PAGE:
Pizza with Mozzarella, Bresaola and Rocket
Brush the pizza base with Extra Virgin Olive Oil. Sprinkle with mozzarella, season with cracked pepper and salt. Slide into the oven. Cook for 1Â½ - 8 minutes, depending on oven. Lay 5 pieces of Bresaola on top. Put a medium bunch of fresh rocket in the middle and drizzle with olive oil. Foolproof Food
Doune McKenzie’s Cheese Biscuits
A brilliant recipe for using up left over bits of cheese, add a little blue cheese if available.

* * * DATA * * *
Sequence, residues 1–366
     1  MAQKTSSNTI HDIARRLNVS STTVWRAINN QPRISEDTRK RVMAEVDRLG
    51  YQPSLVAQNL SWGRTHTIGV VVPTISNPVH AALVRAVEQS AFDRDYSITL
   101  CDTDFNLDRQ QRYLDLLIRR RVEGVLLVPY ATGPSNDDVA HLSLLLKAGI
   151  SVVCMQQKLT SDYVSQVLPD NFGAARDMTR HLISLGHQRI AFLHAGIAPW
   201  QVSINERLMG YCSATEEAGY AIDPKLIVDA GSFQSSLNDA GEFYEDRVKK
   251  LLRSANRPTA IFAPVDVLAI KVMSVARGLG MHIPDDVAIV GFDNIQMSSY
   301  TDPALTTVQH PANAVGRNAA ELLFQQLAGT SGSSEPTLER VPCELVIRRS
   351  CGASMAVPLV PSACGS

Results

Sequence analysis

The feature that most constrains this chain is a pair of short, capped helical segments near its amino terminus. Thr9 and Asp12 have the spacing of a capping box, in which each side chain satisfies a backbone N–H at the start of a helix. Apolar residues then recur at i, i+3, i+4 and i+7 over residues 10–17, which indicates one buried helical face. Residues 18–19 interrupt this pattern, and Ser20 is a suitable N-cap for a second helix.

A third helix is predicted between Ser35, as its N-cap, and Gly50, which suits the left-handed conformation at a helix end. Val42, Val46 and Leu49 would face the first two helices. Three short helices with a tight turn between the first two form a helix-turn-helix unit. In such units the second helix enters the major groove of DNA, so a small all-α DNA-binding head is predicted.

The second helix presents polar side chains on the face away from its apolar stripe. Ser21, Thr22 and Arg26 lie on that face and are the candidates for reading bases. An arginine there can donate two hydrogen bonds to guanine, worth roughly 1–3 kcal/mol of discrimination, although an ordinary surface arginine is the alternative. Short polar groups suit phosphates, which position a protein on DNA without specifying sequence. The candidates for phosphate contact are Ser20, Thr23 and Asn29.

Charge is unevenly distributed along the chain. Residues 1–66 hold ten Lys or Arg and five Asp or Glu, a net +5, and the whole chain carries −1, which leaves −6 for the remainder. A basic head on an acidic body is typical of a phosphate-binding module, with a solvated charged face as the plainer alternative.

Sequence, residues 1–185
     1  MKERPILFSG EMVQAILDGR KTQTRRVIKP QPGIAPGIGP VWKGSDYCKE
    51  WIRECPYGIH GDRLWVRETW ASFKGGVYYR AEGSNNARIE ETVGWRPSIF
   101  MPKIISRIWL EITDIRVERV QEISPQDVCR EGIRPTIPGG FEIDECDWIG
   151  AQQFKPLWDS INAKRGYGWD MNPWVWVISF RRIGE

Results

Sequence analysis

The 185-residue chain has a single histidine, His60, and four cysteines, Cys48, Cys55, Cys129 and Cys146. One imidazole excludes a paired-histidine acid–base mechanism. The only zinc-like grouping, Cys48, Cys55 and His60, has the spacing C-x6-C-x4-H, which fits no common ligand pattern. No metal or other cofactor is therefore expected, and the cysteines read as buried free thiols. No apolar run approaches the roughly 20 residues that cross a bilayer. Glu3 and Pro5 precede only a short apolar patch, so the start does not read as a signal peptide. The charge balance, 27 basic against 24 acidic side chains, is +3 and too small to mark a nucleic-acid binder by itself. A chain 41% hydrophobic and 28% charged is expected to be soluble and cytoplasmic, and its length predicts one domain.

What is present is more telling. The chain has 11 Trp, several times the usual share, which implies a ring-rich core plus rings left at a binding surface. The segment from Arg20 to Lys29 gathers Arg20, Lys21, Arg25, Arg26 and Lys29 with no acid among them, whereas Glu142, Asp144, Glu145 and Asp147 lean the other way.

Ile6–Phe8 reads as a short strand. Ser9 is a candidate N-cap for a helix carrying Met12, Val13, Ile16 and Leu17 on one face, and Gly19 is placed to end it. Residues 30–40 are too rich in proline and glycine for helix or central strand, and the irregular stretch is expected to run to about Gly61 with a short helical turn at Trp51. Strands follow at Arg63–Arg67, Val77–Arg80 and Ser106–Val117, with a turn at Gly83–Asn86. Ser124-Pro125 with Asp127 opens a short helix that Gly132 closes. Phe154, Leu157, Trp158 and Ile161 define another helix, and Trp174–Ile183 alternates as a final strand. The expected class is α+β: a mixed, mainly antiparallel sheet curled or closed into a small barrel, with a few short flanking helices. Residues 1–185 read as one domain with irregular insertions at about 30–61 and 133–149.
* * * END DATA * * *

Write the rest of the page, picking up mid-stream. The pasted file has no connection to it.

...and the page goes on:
Any bits of left over cheese eg. Cheddar, Parmesan, Gruyere, Coolea, Cashel Blue â€¦ a little soft cheese may also be added but you will need some hard cheese to balance the flavour. Weigh cheese then use equal amounts of butter and plain white flour. Grate the cheese - rinds and all. Dice the butter. Cream the butter and stir in the flour and grated cheese and a little salt, form into a roll like a long sausage, about 1Â½ inches thick. Alternatively whizz in a food processor until it forms a dough, shape using a little flour if necessary. Chill in the refrigerator for 1 -2 hours until solid. Remove, unwrap, brush with egg wash and roll in sesame seeds, or a mixture of sesame and nigella seeds. Cover and chill again for another hour. Slice into rounds - about one-third inch thick. Arrange on a baking tray, cook in a preheated oven 250ÂºC/475ÂºF/regulo 9 for approximately 5 minutes until golden brown. Leave to cool for a couple of seconds then transfer to a wire rack. Best eaten on the day they are made as they soften quite quickly. Serve them just as they are, or use them as a base for a variety of toppings â€“ perhaps a sliver of cheddar and a dollop of Ballymaloe Country Relish or Ballymaloe Jalapeno Relish. Goats cheese and sundried tomatoes are also delicious, or simply top the goats cheese with a dab of pesto and a slice of cherry tomato. They are also yummy sandwiched together with cream cheese, chives and cucumber pickle. Hot Tips When in London donâ€™t miss - La Fromagerie â€“ 2-4 Moxon St. London WIU 4EW Tel 020 7935 0341 Ginger Pig, 8-10 Moxon St. London W1U 4EW, Tel 020 7935 7788 Baker and Spice â€“ 54-56 Elizabeth St. SW1W 9PB, Tel 020 7730 3033 Tapas Brindisa, 18-20 Southwark St. SE1 1DJ, Tel 0871 4263056 Ottolenghi â€“ 1 Holland St. Kensington, W8 4NA Tel 020 7937 0003(also in Notting Hill and Islington) Olivo â€“ 21 Eccleston St. SW1W 9LX Tel 0871 0753940 Petersham Nurseries CafÃ© â€“ Richmond, Surrey. Tel 020 8605 3627 Covent Garden â€“ there are lots of wonderful tempting little shops tucked away in the streets around Covent Garden â€“ at 28-32 Shelton Street, WC2H 9JE â€“ Cath Kidstonâ€™s beautiful vintage inspired floral tableware and home accessories â€“ oil cloth, fabric by the metre for curtains and tablecloths, clothing, aprons, picnic setsâ€¦.. www.cathkidston.co.uk Tel 020 7836 4803 Next door at 32 Shelton Street is the Pout Shop with their delicious award-winning cosmetics â€“ much loved by celebrities - great gifts beautifully packaged. www.pout.co.uk Tel 020 7379 0379 Neals Yard Remedies is also nearby at 15 Nealâ€™s Yard with their range of organic skin care and natural remedies www.nealsyardremedies.com Tel 020 73797222 Delicious Gourmet Food Store now open on Well Road, Douglas, Cork â€“ www.delicious.ie . Free parking to rear of store. Prepared meals, starters and desserts, breads, cakes, jams, cheesesâ€¦â€¦specializing in gluten Free and wheat free products â€“ Tel 021-4936846 Growing Awareness Events The aim of Growing Awareness is to ensure that everyone has access to food grown and produced in a way that restores respect for the earth, respect for food and respect for farmers and growers â€“ check out their forthcoming events on www.growingawareness.org